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"Bit Tax" article in EET

August 26, 1996, Electronics Engineering Times, Page 4

"Europe wary of bit tax"

By Peter Clarke

Maastrict, Netherlands

Since it surfaced in a report prepared for the European Commission earlier 
this year (see April 29, page 1) the idea of a "bit tax" on data 
communications has received a mixed response in Europe.  Feedback has ranged 
from calls for adoption and implementation from within the Belgian 
government, to a qualified rejection by one vice president of the European 
Commission (EC), to disjust and disbelief amonst individual Interenet users, 
particularly in Italy.

The bit tax idea, only a very minor part of an interim report, has received 
a great deal of publicity from private individuals, who seem to be the most 
upset, fearing state interference as an attempt to tax freedom of speech.  
Luc Soete, director of the Maastrict Economics Research Institute on 
Innovation and Technology, has been heavily flamed via e-mail since the 
report's publication.  As chairman of the so-called High Level Experts Group 
(HLEG) which authorited the report, it was he who included just one clause 
in about 100 pages of text, calling for an investigation of the taxing of 
data transmission over networks, and particularly over the internet.

[JB:  I can't resist adding a comment here.  One of the most threatening 
aspects of this "bit tax" idea (even far more important than the value of 
the money paid) is the fact that it would make all ISP's and Internet users 
automatically subject to "tax evasion" charges which would just be a 
smokescreen for content investigation, and would automatically "justify" 
wiretaps where content-based investigation would be impossible.  It is very 
likely that threatening an ISP with such charges would cause him to become 
more cooperative, and the difficulty in calculating and verifying the 
accuracy of the taxes paid would make everyone an inadvertent criminal, 
which would give the government enormous leverage it wouldn't otherwise 
have.  The way I see it, anyone who values freedom who would otherwise 
support a bit-tax-type proposal should run into a brick wall with this 
problem, and join the opposition to it right here.]

Speaking at a conference on telecommuting, the Belgian Minister for 
Telecommunications, Elio Di Ruppo, came out as a supporter of the bit tax.  
But the Flemish government, which is responsible for half of Belgium, claims 
a bit tax would undermine its efforts in promoting information technology 
within its territory.

The report was prepared for DG-V, the department of the EC responsible for 
social affairs, but Martin Bangemann, the EC vice president who heads up 
DG-XIII and is responsible for information technology and 
telecommunications, has expressed concern over the impact of a bit tax.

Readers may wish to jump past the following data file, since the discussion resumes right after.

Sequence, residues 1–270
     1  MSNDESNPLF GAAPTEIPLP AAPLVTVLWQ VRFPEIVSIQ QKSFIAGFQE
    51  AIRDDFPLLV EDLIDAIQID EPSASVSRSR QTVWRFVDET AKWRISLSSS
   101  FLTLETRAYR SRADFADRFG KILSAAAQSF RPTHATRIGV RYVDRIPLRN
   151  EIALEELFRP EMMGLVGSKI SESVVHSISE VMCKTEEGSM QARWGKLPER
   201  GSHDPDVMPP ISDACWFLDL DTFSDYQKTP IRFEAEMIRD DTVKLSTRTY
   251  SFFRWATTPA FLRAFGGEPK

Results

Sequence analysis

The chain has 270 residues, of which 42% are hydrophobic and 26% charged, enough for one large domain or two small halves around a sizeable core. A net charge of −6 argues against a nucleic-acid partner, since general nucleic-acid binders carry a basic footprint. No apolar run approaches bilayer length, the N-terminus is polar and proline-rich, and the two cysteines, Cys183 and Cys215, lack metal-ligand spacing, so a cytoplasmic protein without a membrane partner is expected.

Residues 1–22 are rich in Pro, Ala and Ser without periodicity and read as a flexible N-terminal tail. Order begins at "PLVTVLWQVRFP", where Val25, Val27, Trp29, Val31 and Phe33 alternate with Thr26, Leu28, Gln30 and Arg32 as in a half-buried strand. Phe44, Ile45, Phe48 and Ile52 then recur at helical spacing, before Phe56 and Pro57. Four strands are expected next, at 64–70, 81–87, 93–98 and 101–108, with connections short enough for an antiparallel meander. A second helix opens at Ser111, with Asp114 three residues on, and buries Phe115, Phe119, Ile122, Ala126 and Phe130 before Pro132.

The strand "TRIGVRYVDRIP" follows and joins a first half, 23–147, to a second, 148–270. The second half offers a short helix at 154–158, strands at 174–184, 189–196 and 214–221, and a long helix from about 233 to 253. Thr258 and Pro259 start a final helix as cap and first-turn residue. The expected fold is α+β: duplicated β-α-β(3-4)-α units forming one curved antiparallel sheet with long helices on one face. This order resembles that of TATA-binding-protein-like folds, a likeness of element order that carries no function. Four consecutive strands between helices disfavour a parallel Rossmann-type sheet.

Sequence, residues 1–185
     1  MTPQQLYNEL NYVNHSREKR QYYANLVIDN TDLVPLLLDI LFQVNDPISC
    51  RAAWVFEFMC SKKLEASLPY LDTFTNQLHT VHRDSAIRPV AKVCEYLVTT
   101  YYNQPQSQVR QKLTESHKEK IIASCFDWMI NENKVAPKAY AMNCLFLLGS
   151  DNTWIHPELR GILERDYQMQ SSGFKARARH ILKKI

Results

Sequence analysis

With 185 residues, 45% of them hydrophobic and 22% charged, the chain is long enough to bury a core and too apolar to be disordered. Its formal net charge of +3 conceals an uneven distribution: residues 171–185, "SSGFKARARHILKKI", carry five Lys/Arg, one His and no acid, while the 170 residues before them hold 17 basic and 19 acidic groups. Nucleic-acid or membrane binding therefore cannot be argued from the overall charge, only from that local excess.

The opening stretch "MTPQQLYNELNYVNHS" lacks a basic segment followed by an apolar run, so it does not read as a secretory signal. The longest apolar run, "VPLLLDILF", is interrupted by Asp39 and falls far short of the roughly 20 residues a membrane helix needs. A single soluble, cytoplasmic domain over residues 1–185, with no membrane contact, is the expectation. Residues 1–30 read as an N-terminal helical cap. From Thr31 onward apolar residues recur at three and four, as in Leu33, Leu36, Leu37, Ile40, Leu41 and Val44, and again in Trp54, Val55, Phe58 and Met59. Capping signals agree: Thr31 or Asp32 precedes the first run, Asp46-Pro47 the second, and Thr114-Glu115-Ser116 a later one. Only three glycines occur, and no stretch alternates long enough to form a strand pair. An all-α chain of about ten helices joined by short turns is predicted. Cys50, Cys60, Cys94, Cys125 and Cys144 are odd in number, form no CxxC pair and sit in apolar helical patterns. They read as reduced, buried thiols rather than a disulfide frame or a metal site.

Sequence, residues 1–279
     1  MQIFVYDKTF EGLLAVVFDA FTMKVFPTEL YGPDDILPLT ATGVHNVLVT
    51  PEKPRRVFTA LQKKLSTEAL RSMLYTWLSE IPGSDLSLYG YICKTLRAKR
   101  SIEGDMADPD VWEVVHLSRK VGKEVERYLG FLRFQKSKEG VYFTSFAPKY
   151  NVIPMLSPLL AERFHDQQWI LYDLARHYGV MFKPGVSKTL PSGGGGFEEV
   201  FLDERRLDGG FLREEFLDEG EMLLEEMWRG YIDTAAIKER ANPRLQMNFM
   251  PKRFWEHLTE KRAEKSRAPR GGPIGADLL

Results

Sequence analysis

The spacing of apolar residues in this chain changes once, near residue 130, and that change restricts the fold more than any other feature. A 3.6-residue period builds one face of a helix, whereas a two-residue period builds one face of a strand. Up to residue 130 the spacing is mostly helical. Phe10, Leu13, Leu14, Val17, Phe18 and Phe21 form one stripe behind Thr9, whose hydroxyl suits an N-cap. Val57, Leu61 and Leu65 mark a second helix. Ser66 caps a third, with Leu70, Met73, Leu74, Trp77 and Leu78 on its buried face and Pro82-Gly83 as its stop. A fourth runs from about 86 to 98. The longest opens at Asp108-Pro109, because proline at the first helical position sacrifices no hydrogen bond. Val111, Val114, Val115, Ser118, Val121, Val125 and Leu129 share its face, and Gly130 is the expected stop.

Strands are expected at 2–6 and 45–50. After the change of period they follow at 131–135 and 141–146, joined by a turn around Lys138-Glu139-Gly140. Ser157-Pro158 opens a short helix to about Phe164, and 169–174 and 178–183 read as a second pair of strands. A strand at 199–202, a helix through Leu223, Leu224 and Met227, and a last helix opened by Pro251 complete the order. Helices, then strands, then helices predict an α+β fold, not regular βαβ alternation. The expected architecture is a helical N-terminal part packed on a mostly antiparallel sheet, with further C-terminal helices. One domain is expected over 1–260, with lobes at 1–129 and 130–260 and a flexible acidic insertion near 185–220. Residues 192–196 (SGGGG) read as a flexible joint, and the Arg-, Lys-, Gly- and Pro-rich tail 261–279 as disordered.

Issues include economic growth and roll out of next-generation information 
and communications technologies and how a bit tax could be implemented.  
The EC's official position on the bit tax is that it has no position.  "This 
is only an interim report at the moment," said a spokesman for the DG-V.  
"The bit tax idea may not even be present in the final report."

Not Possible?

"The big problem is that it's a nice idea, but implementation may not be 
possible at the European level," the spokesman continued.  It may have to be 
set at the world level.  At the moment, we are waiting for the final report."

Officials responses to the interim report, from government and industry 
bodies, have been generally favorable but often don't mention the bit tax, 
Soete said.  "The bit tax responses have been much more individual.  It just 
goes to show that people don't read reports, but they do read newspapers."

Soete continued: "E-mail responses have been very offensive, very negative." 
 Reluctant to give examples, Soete admitted that many e-mail messages had 
attacked him personally but that the gist was "keep your hands off the 

Those responses, as well as more cogent arguments put forward, have prompted 
Soete to publish a second paper, titled: "The bit tax:  the case for further 
research."  In this, Soete has recast the bit tax as a replacement for the 
value-added tax (VAT) on information-technology goods and services, rather 
than as an additional tax.  "There was an issue of double taxation there, 
which it is hard to justify," he said.

VAT is a European-wide system of taxation on consumption roughly equivalent 
to the US sales-tax system:  It is typically set at 17.5 percent of the 
untaxed value.   Soete argued that VAT is heavily based on ideas of material 
inputs at different states through a chain of manufacture and is not 
well-suited to "intangible" services.

He pointed out that a telephone call is currently priced and taxed in 
relation to the distance and time.  Instead, Soete proposes the bit or 
byte--rather than the second--as the fundamental unit of measure.  Taxation 
on that basis might save small-scale users money while increasing the tax 
burden on large-scale users.

"This is a new system of communications, and the assumption that we should 
be able to use it without any taxation is ridiculous," Soete said.

As planned, the HLEG will rewrite its report in light of responses and 
further research by the end of 1996 before submitting it to DG-V, which is 
then expected to call for some of the particular recommendations to be 
investigated in 1997.

[end of article]

Jim Bell
[email protected]